Learn about different soil types and the amendments you can add to improve the structure, drainage and moisture retention of your soil.
There are three primary types of soil, determined by the amount of clay, silt or sand particles present.
The soil in your landscape will likely not be ideal initially, but soil amendments can help you improve it, allowing your plants to thrive.
Soil amendments improve the physical nature of soil. They reduce compaction, aerating the soil to allow water and nutrients to more easily move through it and reach plant roots. Some soil amendments also add nutrients to the soil and help retain moisture.
Common organic soil amendments are listed below:
You can also find inorganic soil amendments:
Many gardeners choose to make their own soil amendment by composting. Read Composting 101: Benefits and How to Make Compost at Home for tips on creating this nutrient-rich amendment.
In addition to amendments for your existing soil, you can find packaged soil that helps you get the best results from your plants. Ready-to-use soil is designed to provide good water retention while allowing proper drainage. Potting mix is the best choice for potting or repotting. It should contain organic matter as well as elements for aeration and moisture retention, such as perlite and vermiculite. Charcoal may also be an ingredient. Some potting mixes contain fertilizer. You can find mixes designed for specific plants, including African violets, orchids and cacti. All-inclusive soil mixes contain various blends of premium potting mix, fertilizer, pest control and water retention elements. These mixes are excellent for container gardens and planting beds.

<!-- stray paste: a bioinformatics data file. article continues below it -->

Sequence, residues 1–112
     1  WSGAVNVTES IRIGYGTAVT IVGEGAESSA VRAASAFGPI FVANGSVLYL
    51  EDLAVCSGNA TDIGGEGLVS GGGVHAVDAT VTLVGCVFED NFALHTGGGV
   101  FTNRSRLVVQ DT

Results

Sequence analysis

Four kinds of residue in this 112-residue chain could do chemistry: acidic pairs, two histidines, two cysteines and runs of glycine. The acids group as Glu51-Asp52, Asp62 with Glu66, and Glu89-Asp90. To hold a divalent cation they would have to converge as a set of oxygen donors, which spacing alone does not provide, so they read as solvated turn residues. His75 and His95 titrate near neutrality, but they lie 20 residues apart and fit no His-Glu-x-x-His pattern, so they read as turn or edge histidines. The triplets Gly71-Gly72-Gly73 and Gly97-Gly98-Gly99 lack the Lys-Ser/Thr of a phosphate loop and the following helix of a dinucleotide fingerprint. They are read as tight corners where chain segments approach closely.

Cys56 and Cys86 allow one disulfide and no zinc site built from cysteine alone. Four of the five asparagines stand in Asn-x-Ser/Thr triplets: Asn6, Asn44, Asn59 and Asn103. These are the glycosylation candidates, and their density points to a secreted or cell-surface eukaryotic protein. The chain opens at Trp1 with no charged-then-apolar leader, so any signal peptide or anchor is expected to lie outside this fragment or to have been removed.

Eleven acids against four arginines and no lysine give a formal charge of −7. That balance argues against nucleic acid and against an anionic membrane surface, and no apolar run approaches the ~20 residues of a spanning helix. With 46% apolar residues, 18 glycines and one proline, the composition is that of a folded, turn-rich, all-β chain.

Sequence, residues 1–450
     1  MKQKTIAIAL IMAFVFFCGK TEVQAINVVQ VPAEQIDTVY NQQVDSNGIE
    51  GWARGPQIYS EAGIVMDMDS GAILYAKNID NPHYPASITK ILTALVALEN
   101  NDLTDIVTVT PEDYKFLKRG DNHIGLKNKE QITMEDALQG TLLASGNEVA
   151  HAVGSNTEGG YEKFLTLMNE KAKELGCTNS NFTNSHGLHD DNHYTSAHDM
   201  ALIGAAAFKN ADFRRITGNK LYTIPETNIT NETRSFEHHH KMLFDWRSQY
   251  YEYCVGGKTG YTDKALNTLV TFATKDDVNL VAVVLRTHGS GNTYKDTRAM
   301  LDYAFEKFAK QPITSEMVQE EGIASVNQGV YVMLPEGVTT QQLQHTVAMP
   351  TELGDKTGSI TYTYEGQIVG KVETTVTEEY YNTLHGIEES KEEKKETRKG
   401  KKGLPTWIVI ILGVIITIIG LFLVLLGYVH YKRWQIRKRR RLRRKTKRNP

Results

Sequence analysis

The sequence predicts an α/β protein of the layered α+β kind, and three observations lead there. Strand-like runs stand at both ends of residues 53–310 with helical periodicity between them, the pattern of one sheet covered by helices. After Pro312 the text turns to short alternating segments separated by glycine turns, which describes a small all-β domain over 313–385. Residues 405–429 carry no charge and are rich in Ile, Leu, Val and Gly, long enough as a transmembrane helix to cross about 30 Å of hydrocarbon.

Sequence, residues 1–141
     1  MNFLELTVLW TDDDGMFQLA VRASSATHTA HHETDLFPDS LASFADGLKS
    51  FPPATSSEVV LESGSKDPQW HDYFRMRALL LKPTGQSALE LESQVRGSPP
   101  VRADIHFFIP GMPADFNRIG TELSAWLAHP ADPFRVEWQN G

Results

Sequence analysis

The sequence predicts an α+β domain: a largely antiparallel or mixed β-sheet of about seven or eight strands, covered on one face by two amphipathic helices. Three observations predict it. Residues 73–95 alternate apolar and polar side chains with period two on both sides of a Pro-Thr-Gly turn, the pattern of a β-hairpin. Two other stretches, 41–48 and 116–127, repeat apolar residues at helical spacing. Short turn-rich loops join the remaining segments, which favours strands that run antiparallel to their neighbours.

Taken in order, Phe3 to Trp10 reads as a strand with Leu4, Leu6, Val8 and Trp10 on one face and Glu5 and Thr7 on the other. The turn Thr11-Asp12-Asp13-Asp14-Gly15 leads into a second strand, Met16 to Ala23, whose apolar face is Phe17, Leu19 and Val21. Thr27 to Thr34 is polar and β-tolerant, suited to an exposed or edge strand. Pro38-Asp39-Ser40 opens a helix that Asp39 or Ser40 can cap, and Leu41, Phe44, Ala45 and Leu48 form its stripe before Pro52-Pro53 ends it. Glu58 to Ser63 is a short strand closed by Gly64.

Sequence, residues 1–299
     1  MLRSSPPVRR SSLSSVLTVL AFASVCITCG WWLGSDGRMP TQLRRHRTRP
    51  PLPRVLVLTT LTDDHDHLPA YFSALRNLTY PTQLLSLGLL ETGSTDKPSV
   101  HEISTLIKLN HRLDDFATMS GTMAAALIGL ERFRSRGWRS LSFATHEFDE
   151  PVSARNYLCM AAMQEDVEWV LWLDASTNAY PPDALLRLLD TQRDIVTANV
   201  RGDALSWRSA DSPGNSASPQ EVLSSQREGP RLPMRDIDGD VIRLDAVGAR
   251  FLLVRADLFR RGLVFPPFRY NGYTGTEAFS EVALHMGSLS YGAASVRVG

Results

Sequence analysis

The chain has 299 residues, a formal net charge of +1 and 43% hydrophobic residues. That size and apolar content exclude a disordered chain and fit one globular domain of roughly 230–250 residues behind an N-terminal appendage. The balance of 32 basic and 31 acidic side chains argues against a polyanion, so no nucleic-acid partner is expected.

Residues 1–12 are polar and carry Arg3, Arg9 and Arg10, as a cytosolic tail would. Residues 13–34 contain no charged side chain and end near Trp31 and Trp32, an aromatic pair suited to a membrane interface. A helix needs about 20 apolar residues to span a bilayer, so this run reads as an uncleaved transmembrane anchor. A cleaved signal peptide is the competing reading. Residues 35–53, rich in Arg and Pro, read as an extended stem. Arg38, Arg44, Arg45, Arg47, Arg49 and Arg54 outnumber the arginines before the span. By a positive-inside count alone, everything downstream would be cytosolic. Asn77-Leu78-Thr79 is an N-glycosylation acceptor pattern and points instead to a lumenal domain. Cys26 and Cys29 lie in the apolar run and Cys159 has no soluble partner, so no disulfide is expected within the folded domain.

When using soil amendments or packaged soil, follow package directions regarding proper clothing, protective equipment, application procedures and safety precautions.
You can determine some qualities of your soil by observing its consistency and how well it drains, but a soil test tells you less obvious information. Test your soil with a home kit, or send soil samples to your local Cooperative Extension office. Results tell you what nutrients your soil needs as well as the soil pH level, allowing you to adjust for your plants. See Test and Improve Your Soil for more information on soil testing.